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Sam Simon gets energized by people who share the same zest for life that he does. It’s what he looks for when he’s growing a business, making a deal or studying an investment opportunity.

“I love entrepreneurs, people who have the drive and the passion to do well,” says Simon, founder and chairman of Atlas Oil Co. and Simon Group Holdings. “There is always a risk in everything that you do. But if you believe in that person, in that leader and you believe they have the capacity to grow and do well, that’s what I care about.”

Simon founded Atlas Oil in 1985 and built it into a $1 billion company that delivers more than 1 billion gallons of fuel each year to customers in 49 states. Around the same time, he started Simon Group Holdings, which has more than 120 companies and direct investments. Both companies were barely a year old in 1986 when Simon made the first of many acquisitions.

In this Dealmakers feature, we talk to Simon about his humble beginnings, his approach to investment opportunities and the importance of being a disciplined dealmaker.

A simple premise

My whole plan when I started Atlas Oil was to fill a need. There were a lot of people in the fuel industry with an 8-to-5 mentality, delivering Monday through Friday. I knew that somebody needed to think of service 24 hours a day, seven days a week. I wanted to build a great company in the energy world because I had seen other companies that weren’t doing that. I spent the time to hire the best people and to understand how to build processes and continually improve and things grew from there.

The first deal I did was in 1986 when I bought a company called Great Lakes Oil out of Detroit. At that time, I didn’t have a strong balance sheet and didn’t have a lot of cash. I negotiated with the guy who had been very successful in steel fabricating. He bought the company in 1979 during the oil embargo for the trucks in his facility. Seven years later, that was not his business. But before he agreed to sell, he said, ‘I have to believe in you,’ and I said, ‘I won’t let you down.’ I still have his letter when we paid off the whole thing. He says, ‘I always believed in you from your passion and your hard work. I knew you were going to pay it off.’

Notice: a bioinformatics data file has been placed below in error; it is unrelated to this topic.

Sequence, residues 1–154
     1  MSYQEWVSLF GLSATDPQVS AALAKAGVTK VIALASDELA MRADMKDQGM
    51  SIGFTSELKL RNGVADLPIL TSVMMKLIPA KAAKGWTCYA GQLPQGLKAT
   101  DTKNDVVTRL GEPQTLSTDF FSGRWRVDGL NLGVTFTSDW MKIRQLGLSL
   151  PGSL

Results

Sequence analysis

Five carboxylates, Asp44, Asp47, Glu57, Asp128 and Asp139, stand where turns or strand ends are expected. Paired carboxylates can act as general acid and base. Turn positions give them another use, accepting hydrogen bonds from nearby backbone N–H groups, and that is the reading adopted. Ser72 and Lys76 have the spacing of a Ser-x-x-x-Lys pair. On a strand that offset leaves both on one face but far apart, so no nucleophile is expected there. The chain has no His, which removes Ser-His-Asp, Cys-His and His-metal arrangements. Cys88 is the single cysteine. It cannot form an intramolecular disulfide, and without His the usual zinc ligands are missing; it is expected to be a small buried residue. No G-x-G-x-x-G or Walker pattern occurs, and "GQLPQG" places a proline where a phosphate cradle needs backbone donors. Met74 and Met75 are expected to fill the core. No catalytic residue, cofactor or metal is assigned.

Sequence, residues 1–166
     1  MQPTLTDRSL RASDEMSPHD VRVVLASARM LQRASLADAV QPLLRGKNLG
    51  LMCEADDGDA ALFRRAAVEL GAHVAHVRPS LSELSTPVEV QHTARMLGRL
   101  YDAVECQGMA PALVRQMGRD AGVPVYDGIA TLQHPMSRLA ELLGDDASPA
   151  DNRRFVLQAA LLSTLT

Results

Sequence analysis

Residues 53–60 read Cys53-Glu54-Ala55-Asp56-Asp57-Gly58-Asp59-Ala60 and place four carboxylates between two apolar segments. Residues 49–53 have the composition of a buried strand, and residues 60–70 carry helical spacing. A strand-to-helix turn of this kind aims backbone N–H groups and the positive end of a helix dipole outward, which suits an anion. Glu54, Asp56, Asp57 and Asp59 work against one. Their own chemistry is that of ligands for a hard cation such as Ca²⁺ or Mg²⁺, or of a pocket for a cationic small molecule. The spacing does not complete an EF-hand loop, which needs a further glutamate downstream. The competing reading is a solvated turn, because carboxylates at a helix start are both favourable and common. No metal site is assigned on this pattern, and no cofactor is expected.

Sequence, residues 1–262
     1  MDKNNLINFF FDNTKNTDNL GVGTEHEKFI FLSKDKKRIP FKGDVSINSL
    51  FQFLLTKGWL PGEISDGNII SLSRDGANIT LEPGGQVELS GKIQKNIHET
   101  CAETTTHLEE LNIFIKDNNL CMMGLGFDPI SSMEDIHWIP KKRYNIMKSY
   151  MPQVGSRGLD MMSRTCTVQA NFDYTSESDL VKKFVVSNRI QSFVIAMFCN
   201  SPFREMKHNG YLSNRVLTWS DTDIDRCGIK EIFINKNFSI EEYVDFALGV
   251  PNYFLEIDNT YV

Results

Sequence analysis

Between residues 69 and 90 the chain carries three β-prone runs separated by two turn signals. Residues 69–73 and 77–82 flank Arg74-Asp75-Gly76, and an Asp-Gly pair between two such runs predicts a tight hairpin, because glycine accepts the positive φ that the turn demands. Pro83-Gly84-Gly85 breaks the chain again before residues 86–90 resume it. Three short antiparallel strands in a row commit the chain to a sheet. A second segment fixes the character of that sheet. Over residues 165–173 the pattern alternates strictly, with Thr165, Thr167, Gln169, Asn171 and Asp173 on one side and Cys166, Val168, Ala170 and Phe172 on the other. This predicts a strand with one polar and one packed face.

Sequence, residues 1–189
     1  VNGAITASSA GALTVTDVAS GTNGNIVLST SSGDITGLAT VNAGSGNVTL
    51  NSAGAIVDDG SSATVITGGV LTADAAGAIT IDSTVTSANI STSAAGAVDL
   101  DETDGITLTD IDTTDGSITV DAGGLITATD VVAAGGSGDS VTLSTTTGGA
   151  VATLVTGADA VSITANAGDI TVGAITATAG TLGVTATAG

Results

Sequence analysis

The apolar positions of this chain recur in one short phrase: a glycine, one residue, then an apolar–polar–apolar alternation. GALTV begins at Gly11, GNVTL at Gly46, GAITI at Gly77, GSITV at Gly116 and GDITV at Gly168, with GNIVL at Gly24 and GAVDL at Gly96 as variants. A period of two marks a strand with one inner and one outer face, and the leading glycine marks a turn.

Maximize your investment

If you are investing in a company, take time to assess and make sure the people are the right people. Don’t interview them in the facility where they’ll be nervous and can’t talk to you. Get them away and sit down with them in a different environment so they can loosen up and speak honestly. Also you can’t just talk to the top-tier people. Go all the way down to the receptionist, who will tell you a lot more. That’s where I see a lot of people make a mistake. Talk to everyone. Make sure they are passionate for that business and that they want to grow. Don’t assume anything. It might take you longer, but it’s worth your time to do it right.

Common sense is not common. You have to make sure you have some common sense. We have so many businesses and so many strategies and good, solid people behind the scenes. We call it one plus one equals 11. What does that mean? That means if we connect the dots, we look at strategic alliances and strategic people and ways we can enhance the business. That’s our job. It’s connecting the dots. It’s not what you know, it’s who you know and how you work together. Again, it’s all about people and customers. We’re not smarter than anybody else.

Be solution driven. There will always be problems. In all of our offices and headquarters, we all have white boards. For every problem, there is a solution. Get the team together to collaborate and innovate. You have to get better at every single thing you do. If not, you’re going to fall apart.

The Last Word

Be disciplined and don’t fall in love with the assets or the company. Sometimes, people have to do a deal. They haven’t done a deal and they have money and that often leads to bad deals. You have to understand the trends before you make a deal and understand that each industry’s trends are different. Do your due diligence on the people and the customers. Then look at the balance sheets and the trends and assess where those trends are going. What is the value proposition? What are they offering in value compared to the competition? The last thing is: What can we improve? If we can’t improve anything in a business, it’s probably not a good investment.